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Language Planning as a Sociolinguistic Experiment

By: Ernst Jahr

Provides richly detailed insight into the uniqueness of the Norwegian language development. Marks the 200th anniversary of the birth of the Norwegian nation following centuries of Danish rule


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Acquiring Phonology: A Cross-Generational Case-Study

By Neil Smith

The study also highlights the constructs of current linguistic theory, arguing for distinctive features and the notion 'onset' and against some of the claims of Optimality Theory and Usage-based accounts.


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Language Production and Interpretation: Linguistics meets Cognition

By Henk Zeevat

The importance of Henk Zeevat's new monograph cannot be overstated. [...] I recommend it to anyone who combines interests in language, logic, and computation [...]. David Beaver, University of Texas at Austin


Book Information

   
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Title: The Myth of Mars and Venus
Subtitle: Do Men and Women Really Speak Different Languages?
Description:

Popular assumptions about gender and communication - famously summed up in
the title of the massively influential 1992 bestseller 'Men Are From Mars,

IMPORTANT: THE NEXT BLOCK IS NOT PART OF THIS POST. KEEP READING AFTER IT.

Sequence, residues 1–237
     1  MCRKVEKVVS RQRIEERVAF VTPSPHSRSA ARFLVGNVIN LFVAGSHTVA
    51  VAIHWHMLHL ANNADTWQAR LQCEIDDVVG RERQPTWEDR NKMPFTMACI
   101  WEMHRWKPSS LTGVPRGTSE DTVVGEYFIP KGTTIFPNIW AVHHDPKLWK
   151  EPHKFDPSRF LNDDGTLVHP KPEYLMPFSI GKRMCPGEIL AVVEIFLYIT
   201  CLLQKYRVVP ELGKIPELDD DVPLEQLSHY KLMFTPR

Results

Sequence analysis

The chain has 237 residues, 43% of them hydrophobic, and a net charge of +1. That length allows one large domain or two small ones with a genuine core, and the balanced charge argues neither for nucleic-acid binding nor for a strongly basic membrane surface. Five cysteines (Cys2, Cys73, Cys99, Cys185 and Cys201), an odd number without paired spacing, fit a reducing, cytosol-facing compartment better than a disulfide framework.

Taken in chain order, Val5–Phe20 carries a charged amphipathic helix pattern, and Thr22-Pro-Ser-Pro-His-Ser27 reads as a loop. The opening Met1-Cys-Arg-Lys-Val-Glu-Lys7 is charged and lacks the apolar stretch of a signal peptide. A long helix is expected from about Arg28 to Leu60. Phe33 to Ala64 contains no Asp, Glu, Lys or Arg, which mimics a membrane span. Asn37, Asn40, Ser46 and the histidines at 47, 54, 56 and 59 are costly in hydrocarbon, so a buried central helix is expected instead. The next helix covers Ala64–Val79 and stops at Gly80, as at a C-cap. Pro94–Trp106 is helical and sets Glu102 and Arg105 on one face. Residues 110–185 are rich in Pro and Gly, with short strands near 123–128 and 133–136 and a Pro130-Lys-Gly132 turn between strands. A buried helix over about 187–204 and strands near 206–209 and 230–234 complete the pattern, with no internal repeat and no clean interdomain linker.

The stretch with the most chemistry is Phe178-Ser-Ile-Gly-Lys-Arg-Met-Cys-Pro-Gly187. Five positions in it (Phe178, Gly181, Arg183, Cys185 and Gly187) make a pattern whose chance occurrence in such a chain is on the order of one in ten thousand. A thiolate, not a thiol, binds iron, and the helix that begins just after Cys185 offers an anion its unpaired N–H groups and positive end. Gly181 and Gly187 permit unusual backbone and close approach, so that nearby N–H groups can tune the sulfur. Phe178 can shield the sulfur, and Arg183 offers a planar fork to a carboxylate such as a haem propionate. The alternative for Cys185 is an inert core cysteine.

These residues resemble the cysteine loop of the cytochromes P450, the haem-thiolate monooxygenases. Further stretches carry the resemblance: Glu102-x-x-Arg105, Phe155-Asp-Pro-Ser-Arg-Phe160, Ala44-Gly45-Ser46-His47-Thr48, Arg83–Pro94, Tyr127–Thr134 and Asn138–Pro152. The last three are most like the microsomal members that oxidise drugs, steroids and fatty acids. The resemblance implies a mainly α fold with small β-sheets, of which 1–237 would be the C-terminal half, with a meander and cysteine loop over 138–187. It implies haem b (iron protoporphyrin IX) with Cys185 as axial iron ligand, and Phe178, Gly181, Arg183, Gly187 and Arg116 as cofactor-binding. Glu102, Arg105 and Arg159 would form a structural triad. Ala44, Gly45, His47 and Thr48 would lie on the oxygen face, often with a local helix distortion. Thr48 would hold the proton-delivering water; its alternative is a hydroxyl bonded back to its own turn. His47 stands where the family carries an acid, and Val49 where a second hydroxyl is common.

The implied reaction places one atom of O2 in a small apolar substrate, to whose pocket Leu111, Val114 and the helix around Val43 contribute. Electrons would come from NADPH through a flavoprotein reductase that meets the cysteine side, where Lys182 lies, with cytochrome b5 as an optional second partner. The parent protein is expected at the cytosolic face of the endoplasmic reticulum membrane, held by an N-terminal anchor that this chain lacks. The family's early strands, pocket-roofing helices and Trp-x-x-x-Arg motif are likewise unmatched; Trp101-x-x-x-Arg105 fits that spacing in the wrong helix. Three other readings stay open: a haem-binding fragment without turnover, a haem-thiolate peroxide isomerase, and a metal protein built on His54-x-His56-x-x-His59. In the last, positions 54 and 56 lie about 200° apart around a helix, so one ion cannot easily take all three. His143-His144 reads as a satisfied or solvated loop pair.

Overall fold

Women Are From Venus' - can have unforeseen but far-reaching consequences
in many spheres of life, from attitudes to the phenomenon of 'date-rape' to
expectations of achievement at school, and potential discrimination in the
work-place.

In this wide-ranging and thoroughly readable book, Deborah Cameron, Rupert
Murdoch Professor of Language and Communication at Oxford University and
author of a number of leading texts in the field of language and gender
studies, draws on over 30 years of scientific research to explain what we
really know and to demonstrate how this is often very different from the
accounts we are familiar with from recent popular writing.

Ambitious in scope and exceptionally accessible, "The Myth of Mars and
Venus" tells it like it is: widely accepted attitudes from the past and
from other cultures are at heart related to assumptions about language and
the place of men and women in society; and there is as much similarity and
variation within each gender as between men and women, often associated
with social roles and relationships. The author goes on to consider the
influence of Darwinian theories of natural selection and the notion that
girls and boys are socialized during childhood into different ways of using
language, before addressing problems of 'miscommunication' surrounding, for
example, sex and consent to sex, and women's relative lack of success in
work and politics.

Arguing that what linguistic differences there are between men and women
are driven by the need to construct and project personal meaning and
identity, Cameron concludes that we have an urgent need to think about
gender in more complex ways than the prevailing myths and stereotypes allow.

Publication Year: 2008
Publisher: Oxford University Press
Review: Not available for review. If you would like to review a book on The LINGUIST List, please login to view the AFR list.
BibTex: View BibTex record
Linguistic Field(s): Sociolinguistics
Issue: All announcements sent out by The LINGUIST List are emailed to our subscribers and archived with the Library of Congress.
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Versions:
Format: Hardback
ISBN: 0199214476
ISBN-13: 9780199214471
Pages: 192
Prices: U.S.$ 19.95